prepare well (in particular, you should avoid ‘death by overhead’ – keeping
    visual aids few, , informative, clear and uncluttered); it is a good idea to
    give a short introduction, outlining your research aim and rationale; a crisp
    overview of the key literature (ideally showing how your plans ‘fit’ into it; a
    critical introduction to your methodological approach; clear and specific
    methods/techniques, with particular attention to planned sampling strategy,
    data collection and data analysis/interpretation; and, of course, ethical
    issues and research limitations/delimitations. You will be required to address
    audience questions at the same time as receiving their feedback/comments. It is
    a good idea to solicit feedback to particular issues/challenges/questions that
    have arisen during your preparation – do make good use of your more experienced
    audience.


    Assessment Criteria for Presentation :

    1. Critique and appropriateness of content (literature, research aim, methodology, methods etc)
    2. Quality of presentation (clarity, use of appropriate visual aids
    3. Quality of discussion/questions generated and answered




    Research Proposal   (45%):
    The written proposal is the culmination of your work in this course and
    provides the basis for your study and the resulting thesis. This document will
    be assessed on:

    1. Adequate assessment of the literature
    2. Clear identification and justification of research problem
    3. Clear identification of underpinning theoretical or conceptual framework
    4. Justification of proposed methodology within an appropriate philosophical and ethical framework
    5. Proposed data collection and analysis
    6. Quality of written presentation (referencing, grammar, punctuation and
    clarity)

    You should submit your proposal on myuni within the submission deadline.

    Submission


    1.      
    All written assignments must be submitted on myuni
    through the relevant link, preferably each should be submitted as a single word
    document.

    2.      
    Extensions to the due date of written assessments
    may be granted under special circumstances. An extension request based on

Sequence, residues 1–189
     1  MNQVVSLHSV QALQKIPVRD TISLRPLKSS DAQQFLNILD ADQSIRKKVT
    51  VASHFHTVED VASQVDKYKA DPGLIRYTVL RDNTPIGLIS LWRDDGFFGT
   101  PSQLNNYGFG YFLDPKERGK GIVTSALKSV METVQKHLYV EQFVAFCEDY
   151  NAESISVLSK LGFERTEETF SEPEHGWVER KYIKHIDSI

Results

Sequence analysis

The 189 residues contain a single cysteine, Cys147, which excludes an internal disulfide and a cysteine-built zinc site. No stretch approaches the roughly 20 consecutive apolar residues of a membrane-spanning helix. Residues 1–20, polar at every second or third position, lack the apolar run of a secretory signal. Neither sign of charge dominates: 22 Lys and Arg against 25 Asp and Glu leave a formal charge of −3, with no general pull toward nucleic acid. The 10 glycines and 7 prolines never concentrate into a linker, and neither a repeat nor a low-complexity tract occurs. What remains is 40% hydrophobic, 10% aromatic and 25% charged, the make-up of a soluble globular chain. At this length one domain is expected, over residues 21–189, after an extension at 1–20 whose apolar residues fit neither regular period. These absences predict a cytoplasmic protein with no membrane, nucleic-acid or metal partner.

illness or on exceptional personal circumstances must include the
    "Supporting Statement / Certification Form" that is on p. 4 of the
    replacement and additional Assessment application available at:

            http://www.adelaide.edu.au/student/exams/supps.html

    3.      
    Students applying for an extension based on medical
    reasons must visit their medical practitioner, with the approved University
    form, and have the medical practitioner complete it.  A normal doctor's certificate will not be
    accepted.

    4.      
    Please note that all requests for extensions should
    be directed in writing to the Lecturer-in charge no later than 48 hours before the due date. Extension requests
    after this time will only be granted for exceptional circumstances. This does
    not include poor time management or poor file management.

    5.      
    All assignments are to be lodged at, or prior to,
    the due date and time.  A late assignment
    where no extension has been granted will be penalised by a reduction of 5% of the mark given for each day, or
    part of a day, that it is late.

    6.      
    Assessment marks will be
    provided on the course myuni site.  Students
    are encouraged to check their marks and notify their tutor and the Course
    Coordinator of any discrepancies.

     

    Presentation of Assignments

    1.     
    Students must retain a copy of all assignments submitted.

    2.      
    All individual assignments must be attached to an
    Assignment Cover Sheet that must be signed and dated by the student before
    submission.  Lecturers will withhold
    students’ results until such time as the student has signed the Assignment
    Cover Sheet.

    Students may
    not submit work for an assignment that has previously been submitted for
    this course or any other course.

    Markers
    can refuse to accept assignments that do not have a signed acknowledgement of
    the University’s Policy on Plagiarism:  www.adelaide.edu.au/policies/230/

    Course Grading

    Grades for your performance in this course will be awarded in accordance with the following scheme:

    M11 (Honours Mark Scheme)
    GradeGrade reflects following criteria for allocation of gradeReported on Official Transcript
    Fail A mark between 1-49 F
    Third Class A mark between 50-59 3
    Second Class Div B A mark between 60-69 2B
    Second Class Div A A mark between 70-79 2A
    First Class A mark between 80-100 1
    Result Pending An interim result RP
    Continuing Continuing CN

    Further details of the grades/results can be obtained from Examinations.

    Grade Descriptors are available which provide a general guide to the standard of work that is expected at each grade level. More information at Assessment for Coursework Programs.

    Final results for this course will be made available through Access Adelaide.

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    SELTs are an important source of information to inform individual teaching practice, decisions about teaching duties, and course and program curriculum design. They enable the University to assess how effectively its learning environments and teaching practices facilitate student engagement and learning outcomes. Under the current SELT Policy (http://www.adelaide.edu.au/policies/101/) course SELTs are mandated and must be conducted at the conclusion of each term/semester/trimester for every course offering. Feedback on issues raised through course SELT surveys is made available to enrolled students through various resources (e.g. MyUni). In addition aggregated course SELT data is available.